As I’ve mentioned before, even though I was in denial that I met the requirements to be in the club, I joined an online cancer moms support group a while back. Some days it’s helpful. Some days it’s hilarious as the humor inside this group is unlike humor you could ever share with someone who hasn’t lived a nightmare like this. Other days it is just more than one can possibly bear and it’s like torture to read the journeys others are facing knowing you could be next. But, like anything else new, there is a whole new set of acronyms and vocabulary that you have to learn to function well in this group. And, before you know it, you begin talking this new way. That and the fact that 90% of your conversations are now with a doctor or nurse lead to getting lots of blank stares from those lucky enough to still live in the “normal” world.
Scanxiety. It’s not even a real word. I quickly learned it, but didn’t really get why it was constantly mentioned. To me, it was silly and just par for the course and people were getting way uptight. I mean, we’re talking people whose children have been having scans regularly for 3-4 years or more. Not that I’ve ever loved scan days, but today it really hit me. I guess in some ways I feel less naive than I did in the beginning. I have read more and had harder conversations with medical professionals and I know the chances of bad news are just as likely as the chances of good news. I know cancer is ugly and unpredictable and ruthless. I don’t feel like I have a negative attitude, I just feel more educated. And, I know that subconsciously this is one way that I protect myself from how much more it could hurt with each new result. Today, full on scanxiety set in. It was beyond my control and I could hardly handle not knowing what technicians were seeing in my child’s body and not telling me. I actually got to be in the room for all of today’s scans – MRI, CT of chest, and full body bone scan. I was scared and worried and praying and fidgeting. I watched my son’s body get pulled into each of those machines. Precautions had been made to make sure they didn’t harm me, his mom, an adult, while I was in the room. But, his little body went right on in no matter how wrong it looked and felt seeing that little bald head get farther away. I know that each time he’s injected with more contrast or exposed to more radiation, his risk of getting MORE cancer increases. And, yet, I sit there and watch him being sucked right in. It’s hard. He’s NINE. He has to lay perfectly still for hours on days like this on a completely empty stomach. He’s grumpy because he’s hungry and his nose itches and he just wants to get up and go pee or just stretch, but he knows that will delay everything. So, he braves it and has become such a trooper on scan days. He’s so tall, everyone forgets he’s nine and expects him to act twelve. So, he does. He’s growing up so quickly because of this. It’s so unfair.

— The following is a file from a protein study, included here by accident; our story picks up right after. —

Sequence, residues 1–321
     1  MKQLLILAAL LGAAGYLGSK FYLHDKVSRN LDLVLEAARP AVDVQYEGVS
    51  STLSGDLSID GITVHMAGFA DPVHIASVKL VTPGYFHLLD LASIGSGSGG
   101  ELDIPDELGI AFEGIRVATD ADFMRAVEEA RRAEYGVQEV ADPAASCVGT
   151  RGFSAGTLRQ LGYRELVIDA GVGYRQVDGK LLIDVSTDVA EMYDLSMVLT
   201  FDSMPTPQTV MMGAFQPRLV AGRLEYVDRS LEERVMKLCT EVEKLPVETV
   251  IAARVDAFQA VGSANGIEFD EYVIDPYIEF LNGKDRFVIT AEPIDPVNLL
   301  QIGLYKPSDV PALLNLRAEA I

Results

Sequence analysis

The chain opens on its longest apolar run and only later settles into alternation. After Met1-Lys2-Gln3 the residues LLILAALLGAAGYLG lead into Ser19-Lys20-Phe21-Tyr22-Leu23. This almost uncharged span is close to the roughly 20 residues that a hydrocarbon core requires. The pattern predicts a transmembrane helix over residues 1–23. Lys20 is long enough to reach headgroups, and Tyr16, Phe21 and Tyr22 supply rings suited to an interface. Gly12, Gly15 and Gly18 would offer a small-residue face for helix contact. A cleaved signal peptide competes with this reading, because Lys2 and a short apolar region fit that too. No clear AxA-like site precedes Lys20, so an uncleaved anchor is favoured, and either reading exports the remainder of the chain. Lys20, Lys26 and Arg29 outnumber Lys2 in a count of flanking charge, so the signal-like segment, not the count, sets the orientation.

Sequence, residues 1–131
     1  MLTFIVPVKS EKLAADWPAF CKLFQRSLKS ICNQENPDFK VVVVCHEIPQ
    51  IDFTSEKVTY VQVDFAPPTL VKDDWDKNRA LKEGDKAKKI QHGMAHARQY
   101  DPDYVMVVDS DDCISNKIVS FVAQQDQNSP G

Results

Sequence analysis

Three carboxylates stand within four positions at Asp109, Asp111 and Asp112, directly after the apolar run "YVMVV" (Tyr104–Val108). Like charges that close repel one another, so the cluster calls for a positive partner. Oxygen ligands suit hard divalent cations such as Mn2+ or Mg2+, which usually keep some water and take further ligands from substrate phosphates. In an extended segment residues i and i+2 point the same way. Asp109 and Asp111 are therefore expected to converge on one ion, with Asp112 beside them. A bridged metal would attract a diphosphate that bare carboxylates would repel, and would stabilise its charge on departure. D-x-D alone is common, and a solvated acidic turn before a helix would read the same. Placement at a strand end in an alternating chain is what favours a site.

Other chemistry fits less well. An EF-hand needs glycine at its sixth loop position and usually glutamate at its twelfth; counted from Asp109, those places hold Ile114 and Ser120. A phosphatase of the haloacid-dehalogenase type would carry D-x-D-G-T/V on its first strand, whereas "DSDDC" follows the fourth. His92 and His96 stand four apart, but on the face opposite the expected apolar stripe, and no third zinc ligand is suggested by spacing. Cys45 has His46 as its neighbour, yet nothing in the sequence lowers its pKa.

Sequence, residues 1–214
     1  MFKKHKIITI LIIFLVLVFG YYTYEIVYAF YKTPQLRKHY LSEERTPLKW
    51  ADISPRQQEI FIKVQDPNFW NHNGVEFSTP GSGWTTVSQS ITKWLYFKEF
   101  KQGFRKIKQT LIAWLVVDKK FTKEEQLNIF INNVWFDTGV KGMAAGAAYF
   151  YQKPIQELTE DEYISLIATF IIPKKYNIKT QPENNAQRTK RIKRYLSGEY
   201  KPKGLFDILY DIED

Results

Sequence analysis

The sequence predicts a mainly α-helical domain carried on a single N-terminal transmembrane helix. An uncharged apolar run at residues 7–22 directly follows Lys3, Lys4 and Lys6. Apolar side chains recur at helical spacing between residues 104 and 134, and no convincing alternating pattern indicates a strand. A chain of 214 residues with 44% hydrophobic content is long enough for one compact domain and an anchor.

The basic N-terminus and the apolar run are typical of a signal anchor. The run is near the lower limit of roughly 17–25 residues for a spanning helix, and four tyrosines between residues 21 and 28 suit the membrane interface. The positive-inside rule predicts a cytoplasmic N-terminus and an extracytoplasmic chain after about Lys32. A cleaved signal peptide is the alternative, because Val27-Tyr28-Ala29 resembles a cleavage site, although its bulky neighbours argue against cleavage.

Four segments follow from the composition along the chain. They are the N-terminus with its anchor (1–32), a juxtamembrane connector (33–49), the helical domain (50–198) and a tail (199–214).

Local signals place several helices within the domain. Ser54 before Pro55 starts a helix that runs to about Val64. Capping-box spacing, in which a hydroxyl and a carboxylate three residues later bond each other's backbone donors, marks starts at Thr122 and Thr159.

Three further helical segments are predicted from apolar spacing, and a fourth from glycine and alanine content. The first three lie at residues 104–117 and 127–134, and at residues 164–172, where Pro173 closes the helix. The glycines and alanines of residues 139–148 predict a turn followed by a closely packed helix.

I was completely convinced during the bone scan (the only scan that I can actually see what they are seeing) that the cancer had metastasized to his pelvis just above the tumors in his right femur. I couldn’t even remain in my seat and I’m sure the look on my face was horrifying. Thankfully, the technician noticed this and assured me that what I was seeing light up was just a growth plate. While I am definitely more calm now, I won’t truly believe it until I am told by his doctors. I have no medical training whatsoever, so I’m pretty sure I’m way off…but it was definitely scary.
So, we end the day with very little information and a little on edge. But, we do have one piece of the scan puzzle confirmed and it’s WONDERFUL news! The chest CT came back clear! This means that the cancer has not metastasized to his lungs. This is huge considering that his chemo schedule was modified due to surgery and it’s been quite a while since he had high dose methotrexate, which is the chemo that keeps it from getting to his lungs. Osteosarcoma itself isn’t really all that deadly. Lung cancer is, and osteosarcoma spreads to the lungs 90% of the time. There is always a chance that it is there and too microscopic to see on a CT scan, but it is such a relief that it wasn’t found. So, we keep praying and waiting and hoping for more good news. It’s definitely time for good news instead of bad. We should know by Wednesday.
Our next steps…
Tomorrow we see the audiologist to find out how much hearing has been lost.
Wednesday (13th), he is admitted for approximately 5 days for more chemo.
Repeat next Wednesday (20th)
Tentative surgery Wednesday (27th) to put in a stainless steel plate to replace the carbon fiber plate that is currently coming unscrewed and either put in a prosthetic at the top of his femur or a graft and small plate. This is all dependent on today’s scans.
Recover and then 3 more weeks in a row of chemo.
Pray, pray, pray.